KL, I suspect (strongly) that Roman is guilty as sin – But I suggest that he made some efforts to distance himself from the appointment process. (Again I don’t have a clue as to that process.) It may take time to unravel (and then work out how best to mask same.)

    Seems to me that Dutton has a big problem.

    As I suggested earlier, Roman and Peter know how important it is to get compromising info. Thus, Peter can’t throw Roman to the wolves at this point.

  26. Matters Not

    Re compromising info and the role of the constabulary. Worked with Ministers who became Police Ministers and Public Servants who either headed up the civilian side of the police force or who became significant players in same. They quickly learnt that the police force is highly political – in the sense that members are always on the look out for potentially compromising info. Any ‘happenings’ that can be recorded and used against you – somewhere down the track. It’s a case of never let a chance go by.

    Some may recognise the name Ken Wiltshire – a recent reviewer along with Kevin Donnelly of the National Curriculum – and some may recall that once upon a time the Nats and the Libs were at each other’s throats here in QLD. Nothing was off limits. Thus Wiltshire, when driving, was subject to repeated breath analysis. I don’t think he mentions that these days – but he did!

    For a more detailed analysis; here’s a good read. Follow the links.


  27. Kaye Lee

    What a sorry existence some people have gathering and saving dirt on each other. It seems to be particularly popular in Queensland. When James McGrath paid for dirt files on Labor MPs he was “strongly reprimanded” until the next election where he all of a sudden moved from disgraced campaign worker to Senator.


  28. Matters Not

    It seems to be particularly popular in Queensland.

    Maybe? But I suspect that it’s the nature of base politics – wherever and whenever. But perhaps it’s not for tender ears? If so then I apologise for ‘truth telling’ and encouraging people to come out of Plato’s metaphorical cave into the harsh reality of everyday political life.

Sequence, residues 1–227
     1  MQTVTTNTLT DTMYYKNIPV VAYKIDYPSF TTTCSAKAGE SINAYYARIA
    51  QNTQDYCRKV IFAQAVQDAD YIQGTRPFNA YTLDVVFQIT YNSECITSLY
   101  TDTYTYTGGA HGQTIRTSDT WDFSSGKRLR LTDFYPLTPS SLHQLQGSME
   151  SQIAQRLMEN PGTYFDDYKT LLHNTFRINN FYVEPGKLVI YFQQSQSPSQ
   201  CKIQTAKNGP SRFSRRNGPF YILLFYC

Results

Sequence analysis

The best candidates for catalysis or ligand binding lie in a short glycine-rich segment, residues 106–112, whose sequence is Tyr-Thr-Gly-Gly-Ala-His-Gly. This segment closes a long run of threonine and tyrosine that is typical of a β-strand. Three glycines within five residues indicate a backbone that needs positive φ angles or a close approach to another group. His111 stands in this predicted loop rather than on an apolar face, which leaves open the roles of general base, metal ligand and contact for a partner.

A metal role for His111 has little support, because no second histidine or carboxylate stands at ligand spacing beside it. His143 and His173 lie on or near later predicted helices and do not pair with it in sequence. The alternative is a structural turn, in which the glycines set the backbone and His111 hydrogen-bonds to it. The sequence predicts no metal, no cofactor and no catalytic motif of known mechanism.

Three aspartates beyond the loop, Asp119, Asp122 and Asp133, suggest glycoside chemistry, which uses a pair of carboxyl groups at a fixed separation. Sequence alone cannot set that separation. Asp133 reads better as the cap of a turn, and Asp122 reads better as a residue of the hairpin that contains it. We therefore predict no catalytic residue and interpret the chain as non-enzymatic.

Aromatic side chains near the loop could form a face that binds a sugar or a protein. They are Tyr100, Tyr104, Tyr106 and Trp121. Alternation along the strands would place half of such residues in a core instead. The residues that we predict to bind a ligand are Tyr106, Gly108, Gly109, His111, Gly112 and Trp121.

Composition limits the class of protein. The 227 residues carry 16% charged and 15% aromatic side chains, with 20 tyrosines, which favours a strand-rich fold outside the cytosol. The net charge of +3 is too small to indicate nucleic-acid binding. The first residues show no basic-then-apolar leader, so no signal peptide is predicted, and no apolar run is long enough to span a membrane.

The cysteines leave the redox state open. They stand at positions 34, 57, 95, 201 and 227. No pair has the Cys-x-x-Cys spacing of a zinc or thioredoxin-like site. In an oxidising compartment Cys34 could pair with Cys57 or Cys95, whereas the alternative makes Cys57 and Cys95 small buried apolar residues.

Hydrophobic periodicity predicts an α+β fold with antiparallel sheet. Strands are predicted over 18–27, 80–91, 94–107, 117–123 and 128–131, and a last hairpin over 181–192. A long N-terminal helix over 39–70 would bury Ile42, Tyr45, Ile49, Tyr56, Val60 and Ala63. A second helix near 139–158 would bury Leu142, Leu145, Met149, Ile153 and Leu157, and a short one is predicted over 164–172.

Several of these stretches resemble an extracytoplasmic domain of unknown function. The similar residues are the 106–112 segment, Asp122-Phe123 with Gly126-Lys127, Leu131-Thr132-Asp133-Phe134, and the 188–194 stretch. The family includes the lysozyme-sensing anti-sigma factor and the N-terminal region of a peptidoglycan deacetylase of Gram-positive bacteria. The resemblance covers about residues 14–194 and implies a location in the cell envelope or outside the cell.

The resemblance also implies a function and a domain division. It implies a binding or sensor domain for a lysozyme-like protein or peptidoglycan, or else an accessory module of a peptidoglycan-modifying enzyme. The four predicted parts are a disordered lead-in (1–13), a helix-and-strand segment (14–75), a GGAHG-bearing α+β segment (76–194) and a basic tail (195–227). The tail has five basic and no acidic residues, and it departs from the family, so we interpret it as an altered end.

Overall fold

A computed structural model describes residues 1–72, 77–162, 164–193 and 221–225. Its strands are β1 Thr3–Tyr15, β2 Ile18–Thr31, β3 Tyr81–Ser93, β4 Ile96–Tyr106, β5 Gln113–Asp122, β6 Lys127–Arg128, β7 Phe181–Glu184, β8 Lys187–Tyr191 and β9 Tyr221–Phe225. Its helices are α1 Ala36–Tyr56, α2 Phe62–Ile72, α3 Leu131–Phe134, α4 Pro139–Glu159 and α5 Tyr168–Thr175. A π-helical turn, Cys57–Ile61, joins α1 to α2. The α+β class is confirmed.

29. Kaye Lee

    If I ever had “tender ears” they have long since grown the resilience necessary to commentate on political shenanigans. I am continually reminded that the behaviour I would never accept from the children I taught, or my own children, or my colleagues and acquaintances, is just every day business for politicians. It disgusts me.

  30. Matters Not

    Kl while it may disgust most people (and it ought), it’s the political reality

    Want to change things? Then recognise the is before advocating the ought. Politically – it helps.

    Or maybe there’s another path or process I haven’t heard of? If so? Then please advise.

  31. Kaye Lee

    You have read enough of what I write to know that I recognise what is. That does not mean I must condone or accept it.

  32. Matters Not

    Kl. I am the cynic. You’re not there yet. And perhaps you will never arrive. That’s probably a good (and right) result. So I encourage you to continue your endeavours. Until then, I enjoy your contribution(s) because I think you encourage others to wake from their slumbers.

  33. Kaye Lee

    My mantra in life has always been tell me the truth and we can sort it out from there. I was quietly minding my own business until the possibility of Tony Abbott becoming PM reared its ugly head. Having known Tony during our uni days, I was flabbergasted. I HATE being lied to so they made me get off my bum and start calling them out. I share your cynicism but I refuse to lie down and roll over.

  34. Rob